Programming Chi

Tomasz Fijałkowski's programming blog.

Optional as a Field and what are you going to do to me about it?

This article is also available on as Optional jako pole i co mi zrobisz? [Polish]

It’s been quite some time since the introduction of the Optional class in JDK 8. A lot has been written about where and how to use it, what constitutes good practice, and what doesn’t. An example of this can be found in the Optional Anti-Patterns article. But does it all make sense?

I agree with many of the arguments presented there. However, I wanted to challenge the prohibition on using Optional as a class field and passing them as constructor parameters. Optional doesn’t protect us from NullPointerExceptions; nothing shields us from foolishness because Java allows returning null regardless of the method signature. Therefore, Optional is only useful in conjunction with a consistent convention that spans the entire project. This convention makes it unnecessary to review the code of the called method, read comments, or consult documentation to know whether we need to handle nulls. If we see that there’s no Optional in the method signature, we can assume that the method always returns a value; otherwise, we need to handle the absence of a value. Beautiful! This makes our code more obvious.

Optional as a Class Field

So why not use Optional as a class field? There are several arguments against it. Firstly, IntelliJ IDEA suggests that you shouldn’t do it, and it’s a common interpretation.

message from intellij about incorrect use of optional

This warning leads us to the second reason – Optional is not Serializable. Personally, this argument doesn’t convince me because I can’t recall a situation in recent projects where I needed to implement the Serializable interface. Moreover, when discussing Optional, I’m referring to the concept, not a specific implementation. In situations where you need to implement the Serializable interface, you can use an alternative version from a library, such as Option from the vavr library. The third argument is that “Optional wasn’t designed for this”. Similarly, computers weren’t designed for entertainment, but millions of people spend hours playing computer games every day. Fourthly, there’s a performance overhead associated with wrapping fields in Optional. However, in all the projects I’ve developed, this overhead was never an issue, and optimizations related to removing Optional would be at the bottom of the list of bottlenecks. The fifth argument I found is the observation that something like this looks weak in DTO objects:

private Optional<HashMap<String, Integer>> data;

This probably arises when objects are mutable and have setters. When we create DTOs as immutable objects where all fields are set in the constructor, such situations occur significantly less frequently. However, when they do occur, there’s some semantic justification when something else represents an empty map versus the absence of a map. Regardless, if my field is of type Optional, I don’t need to place any annotations, comments, or other nullability markers. Referring to the field immediately lets me know whether I need to handle nulls. It’s the same well-performing rule when referring to public methods.

Optional as a Method Argument

Alright, what about the second topic, which is the prohibition on using Optionals in method parameters? Let’s assume we have the following Client class:

class Client {
    String getFirstName() { ... }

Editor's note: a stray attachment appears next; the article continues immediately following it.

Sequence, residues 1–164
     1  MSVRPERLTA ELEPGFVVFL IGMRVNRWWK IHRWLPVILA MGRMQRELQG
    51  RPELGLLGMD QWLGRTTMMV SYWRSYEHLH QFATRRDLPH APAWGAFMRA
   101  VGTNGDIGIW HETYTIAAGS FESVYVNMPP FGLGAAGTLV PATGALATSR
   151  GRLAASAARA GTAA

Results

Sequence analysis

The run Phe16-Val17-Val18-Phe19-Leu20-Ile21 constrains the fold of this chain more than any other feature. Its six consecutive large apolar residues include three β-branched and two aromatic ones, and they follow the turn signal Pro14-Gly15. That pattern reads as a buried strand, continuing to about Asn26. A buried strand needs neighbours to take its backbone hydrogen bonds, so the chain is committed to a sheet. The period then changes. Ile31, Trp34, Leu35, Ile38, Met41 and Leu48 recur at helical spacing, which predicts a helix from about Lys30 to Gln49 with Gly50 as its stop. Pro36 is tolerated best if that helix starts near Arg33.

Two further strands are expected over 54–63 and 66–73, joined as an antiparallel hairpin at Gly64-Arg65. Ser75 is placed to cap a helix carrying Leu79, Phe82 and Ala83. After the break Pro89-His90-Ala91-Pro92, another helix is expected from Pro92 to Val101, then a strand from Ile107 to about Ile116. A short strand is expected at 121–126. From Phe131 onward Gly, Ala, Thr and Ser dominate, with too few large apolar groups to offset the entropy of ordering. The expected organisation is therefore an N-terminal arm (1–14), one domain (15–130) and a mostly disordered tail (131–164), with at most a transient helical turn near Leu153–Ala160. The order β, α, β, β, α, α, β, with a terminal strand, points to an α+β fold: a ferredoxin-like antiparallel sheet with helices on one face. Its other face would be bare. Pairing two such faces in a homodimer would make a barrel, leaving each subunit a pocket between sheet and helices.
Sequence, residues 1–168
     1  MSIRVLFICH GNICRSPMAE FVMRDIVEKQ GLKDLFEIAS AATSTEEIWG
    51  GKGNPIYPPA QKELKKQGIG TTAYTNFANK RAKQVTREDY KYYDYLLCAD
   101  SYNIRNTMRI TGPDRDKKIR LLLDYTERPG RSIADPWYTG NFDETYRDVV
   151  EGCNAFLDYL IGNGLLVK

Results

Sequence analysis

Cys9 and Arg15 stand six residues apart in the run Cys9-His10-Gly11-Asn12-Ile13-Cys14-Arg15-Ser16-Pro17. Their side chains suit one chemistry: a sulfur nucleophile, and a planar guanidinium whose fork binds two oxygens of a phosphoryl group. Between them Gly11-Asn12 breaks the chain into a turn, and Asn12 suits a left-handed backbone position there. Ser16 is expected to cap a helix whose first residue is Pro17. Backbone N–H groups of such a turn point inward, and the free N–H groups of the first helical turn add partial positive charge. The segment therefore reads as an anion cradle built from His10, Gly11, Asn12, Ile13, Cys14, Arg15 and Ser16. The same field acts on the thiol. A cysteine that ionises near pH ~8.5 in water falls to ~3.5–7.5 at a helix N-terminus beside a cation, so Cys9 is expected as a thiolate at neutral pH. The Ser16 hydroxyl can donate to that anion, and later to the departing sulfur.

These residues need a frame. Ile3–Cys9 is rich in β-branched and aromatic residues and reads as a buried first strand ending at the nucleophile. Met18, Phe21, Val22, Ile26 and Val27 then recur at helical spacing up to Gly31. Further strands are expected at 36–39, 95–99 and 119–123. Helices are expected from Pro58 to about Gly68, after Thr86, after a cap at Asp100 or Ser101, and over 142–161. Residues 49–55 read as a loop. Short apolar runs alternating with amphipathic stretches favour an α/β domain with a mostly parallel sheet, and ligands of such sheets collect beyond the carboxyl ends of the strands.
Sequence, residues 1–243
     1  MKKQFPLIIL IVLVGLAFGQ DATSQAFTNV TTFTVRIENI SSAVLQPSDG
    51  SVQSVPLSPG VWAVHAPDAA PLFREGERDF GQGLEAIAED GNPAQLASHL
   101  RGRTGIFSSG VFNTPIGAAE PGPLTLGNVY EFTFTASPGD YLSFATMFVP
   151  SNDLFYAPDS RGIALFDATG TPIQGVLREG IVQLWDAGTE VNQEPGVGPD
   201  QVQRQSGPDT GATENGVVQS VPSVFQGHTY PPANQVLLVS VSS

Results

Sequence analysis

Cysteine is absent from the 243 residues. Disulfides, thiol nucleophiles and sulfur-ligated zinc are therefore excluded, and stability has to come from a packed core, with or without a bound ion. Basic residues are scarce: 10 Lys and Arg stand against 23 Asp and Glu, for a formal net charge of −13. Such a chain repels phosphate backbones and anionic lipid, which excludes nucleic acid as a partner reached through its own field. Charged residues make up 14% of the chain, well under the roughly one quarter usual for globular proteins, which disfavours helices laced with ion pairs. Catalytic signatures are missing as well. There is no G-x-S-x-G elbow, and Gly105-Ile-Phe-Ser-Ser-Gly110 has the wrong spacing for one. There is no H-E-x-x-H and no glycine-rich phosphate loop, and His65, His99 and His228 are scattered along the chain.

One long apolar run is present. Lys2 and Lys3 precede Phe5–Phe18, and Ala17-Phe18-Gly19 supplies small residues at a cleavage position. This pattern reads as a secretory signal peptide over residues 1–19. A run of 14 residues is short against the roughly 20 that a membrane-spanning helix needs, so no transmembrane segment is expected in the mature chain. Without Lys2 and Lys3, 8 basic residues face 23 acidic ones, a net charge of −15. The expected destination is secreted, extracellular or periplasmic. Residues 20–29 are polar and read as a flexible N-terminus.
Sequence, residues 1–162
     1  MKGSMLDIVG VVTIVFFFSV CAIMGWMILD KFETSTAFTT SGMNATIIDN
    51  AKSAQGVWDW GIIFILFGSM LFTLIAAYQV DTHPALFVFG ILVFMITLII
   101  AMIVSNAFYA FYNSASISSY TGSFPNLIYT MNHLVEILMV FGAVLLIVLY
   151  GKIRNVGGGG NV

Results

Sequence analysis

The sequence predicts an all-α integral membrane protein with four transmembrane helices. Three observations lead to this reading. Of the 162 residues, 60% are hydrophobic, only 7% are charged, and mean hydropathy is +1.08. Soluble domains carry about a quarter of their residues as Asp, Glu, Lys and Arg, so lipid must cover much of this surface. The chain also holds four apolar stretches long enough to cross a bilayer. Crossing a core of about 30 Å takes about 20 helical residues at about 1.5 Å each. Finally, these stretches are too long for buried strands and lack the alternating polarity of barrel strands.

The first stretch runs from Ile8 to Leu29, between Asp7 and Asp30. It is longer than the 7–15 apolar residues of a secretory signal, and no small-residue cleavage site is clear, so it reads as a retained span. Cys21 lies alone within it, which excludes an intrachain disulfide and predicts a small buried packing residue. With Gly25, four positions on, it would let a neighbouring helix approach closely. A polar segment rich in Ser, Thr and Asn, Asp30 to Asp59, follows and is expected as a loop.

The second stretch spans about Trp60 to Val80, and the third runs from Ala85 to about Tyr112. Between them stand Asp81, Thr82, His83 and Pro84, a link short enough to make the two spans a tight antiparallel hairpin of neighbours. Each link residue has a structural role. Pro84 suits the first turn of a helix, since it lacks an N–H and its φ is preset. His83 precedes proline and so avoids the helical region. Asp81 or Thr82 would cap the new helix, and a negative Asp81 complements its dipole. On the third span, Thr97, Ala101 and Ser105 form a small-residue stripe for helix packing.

Optional<String> getSecondName() { ... }
    String getLastName() { ... }

What if we want to rewrite this class into another? Why would we need to do that? Well, if we care about module isolation to limit coupling, especially to avoid cycles, rewriting one class into another is a fairly common practice. Similarly, if we’re creating a facade for some API. Of course, we usually don’t rewrite everything one-to-one. Sometimes we skip some fields, take values from several objects, or perform some transformation. In this case, to keep the example simple, I’ll limit it to a straightforward transfer of fields.

I hope everyone now sees the justification for transferring data from one class to another. So what will it look like when there are no optionals in the method arguments? There are two options. First, we can try passing null:

new User(client.getFirstName(),

That orElse(null) looks terrifying to me! Such a monster might haunt me at night. The second approach could be preparing two constructors:

if (client.getSecondName().isPresent()) {
    new User(client.getFirstName(),
} else {
    new User(client.getFirstName(), client.getLastName())

or in a fluent API style without Optional::get():

    .map(secondName ->
        new User(client.getFirstName(),
    .orElse(new User(client.getFirstName(), client.getLastName()))

Regardless of the format, both approaches are daunting. So let’s try not to give up Optional in method arguments. How would that look?

new User(client.getFirstName(),

I have no doubt that this looks the best.

Message for today

Finally, the question arises: should I use Optionals everywhere? Use them wherever it makes sense. If a class hierarchy makes sense, create one, but don’t create it just because you don’t want to have a field of type Optional. If two constructors make the class API more user-friendly, create two constructors, but don’t create them just because you don’t want to have an Optional argument. Don’t blindly follow the slogans “use it here, don’t use it there”. Have solid arguments why Optional shouldn’t appear in a specific place. For me, the convention that a data type always carries information about the absence of a value is a clean, consistent convention that minimizes errors related to NullPointerExceptions.